Wake commissioners get earful from residents irate over proposed 10 percent tax increase
Some Wake County homeowners are less than thrilled with the prospect of paying almost 10 percent more on their property tax bill next year.
The Board of Commissioners held two public hearings Monday on the proposed $1.47 billion 2019-20 county budget, and they got an earful from people who say taxes are going up too much.
“You’re raising, raising, raising, and it’s hurting people badly,” Debbie Griffith-Overby said.
Some people lamented that they had moved to North Carolina to escape high property taxes in other states, while others said people on fixed incomes would be hurt the most by the proposed increase.
“These increases are affecting the most vulnerable residents and taxpayers of Wake County,” Gil Pagan said.
Even before the public hearings, the Wake County Republican Party held a rally outside the commissioners’ offices in downtown Raleigh to protest higher taxes.
“It’s time to have accountability, and we’re telling you: Stop raising our taxes,” Michele Morrow said. “Use the money that you’ve already taken out of our bank accounts to do things across the board for every citizen.”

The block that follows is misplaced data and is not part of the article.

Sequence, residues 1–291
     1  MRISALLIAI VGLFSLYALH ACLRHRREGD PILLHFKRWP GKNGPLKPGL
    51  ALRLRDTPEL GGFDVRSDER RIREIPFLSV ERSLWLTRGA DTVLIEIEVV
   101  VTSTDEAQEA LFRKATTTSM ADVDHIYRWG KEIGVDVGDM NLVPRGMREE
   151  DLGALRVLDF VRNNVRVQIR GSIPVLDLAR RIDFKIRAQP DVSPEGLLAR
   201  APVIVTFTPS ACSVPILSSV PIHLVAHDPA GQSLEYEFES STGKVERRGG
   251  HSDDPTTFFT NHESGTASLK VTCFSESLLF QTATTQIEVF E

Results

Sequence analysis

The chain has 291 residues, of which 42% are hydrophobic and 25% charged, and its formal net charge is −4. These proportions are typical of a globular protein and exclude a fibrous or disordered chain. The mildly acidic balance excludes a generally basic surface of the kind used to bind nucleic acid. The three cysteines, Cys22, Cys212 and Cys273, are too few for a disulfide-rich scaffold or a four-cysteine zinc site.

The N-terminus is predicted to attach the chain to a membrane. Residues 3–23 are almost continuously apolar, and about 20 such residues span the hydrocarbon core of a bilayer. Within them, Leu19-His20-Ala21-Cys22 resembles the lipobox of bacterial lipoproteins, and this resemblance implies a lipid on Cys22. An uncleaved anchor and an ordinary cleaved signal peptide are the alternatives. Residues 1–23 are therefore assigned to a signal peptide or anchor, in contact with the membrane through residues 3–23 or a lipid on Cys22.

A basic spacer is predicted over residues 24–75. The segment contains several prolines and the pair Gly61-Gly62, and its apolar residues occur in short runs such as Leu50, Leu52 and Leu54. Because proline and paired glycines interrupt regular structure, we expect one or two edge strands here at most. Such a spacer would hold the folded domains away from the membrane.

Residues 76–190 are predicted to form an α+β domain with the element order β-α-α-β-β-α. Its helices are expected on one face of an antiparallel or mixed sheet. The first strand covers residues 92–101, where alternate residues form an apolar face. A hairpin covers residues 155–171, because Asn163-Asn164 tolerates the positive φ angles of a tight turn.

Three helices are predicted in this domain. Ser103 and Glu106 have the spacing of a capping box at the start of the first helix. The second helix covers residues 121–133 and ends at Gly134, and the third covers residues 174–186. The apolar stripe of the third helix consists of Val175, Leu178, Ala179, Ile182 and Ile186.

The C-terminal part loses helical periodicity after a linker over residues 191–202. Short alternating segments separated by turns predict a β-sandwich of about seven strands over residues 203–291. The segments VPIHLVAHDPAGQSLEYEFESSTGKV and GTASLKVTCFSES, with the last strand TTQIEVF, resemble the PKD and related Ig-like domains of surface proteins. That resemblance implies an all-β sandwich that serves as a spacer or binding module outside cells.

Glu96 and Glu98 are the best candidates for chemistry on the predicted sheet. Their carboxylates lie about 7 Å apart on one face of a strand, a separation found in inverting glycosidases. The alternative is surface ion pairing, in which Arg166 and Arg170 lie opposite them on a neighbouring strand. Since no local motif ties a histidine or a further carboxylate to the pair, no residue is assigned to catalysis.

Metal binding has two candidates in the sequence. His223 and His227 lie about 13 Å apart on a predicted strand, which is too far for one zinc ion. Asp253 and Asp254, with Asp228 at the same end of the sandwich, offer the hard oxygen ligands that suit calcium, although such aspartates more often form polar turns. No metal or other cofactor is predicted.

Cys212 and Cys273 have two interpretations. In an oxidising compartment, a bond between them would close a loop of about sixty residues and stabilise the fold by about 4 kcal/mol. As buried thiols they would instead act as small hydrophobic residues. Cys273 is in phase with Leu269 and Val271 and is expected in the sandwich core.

Wake County Manager David Ellis recommended a 6.36-cent increase to the property tax rate in his proposed budget. The increase would mean the owner of a $250,000 home would pay an extra $159 a year in county property taxes.
The budget, which commissioners plan to vote on June 3, includes an extra $36.5 million for the Wake County Public School System, more ambulances and paramedics, expanded library hours and upgrades on county computer networks.
Ellis said Wake County is the third-fastest-growing county nationwide, and the steady influx of new residents is straining existing resources, so the county needs to put money in to expand them to keep up with demand.
“We’ve had more calls to EMS that we’ve ever had in our county’s history,” Board of Commissioners Chairwoman Jessica Holmes told budget critics. “We have a greater need for pubic safety expenses. We’re expanding and building new libraries. We’re making sure that we meet those very basic needs.”
County officials also noted that the majority of the proposed tax increase – 3.8 of the 6.36 cents – will go toward projects voters approved in November in three bond referendums:
“We passed bonds that not everyone agreed with, but you don’t even have the money to pay for those bonds,” Morrow said. “Instead of only 5 percent to pay for the bonds, you want to hike it 10 percent, which is double what you need.”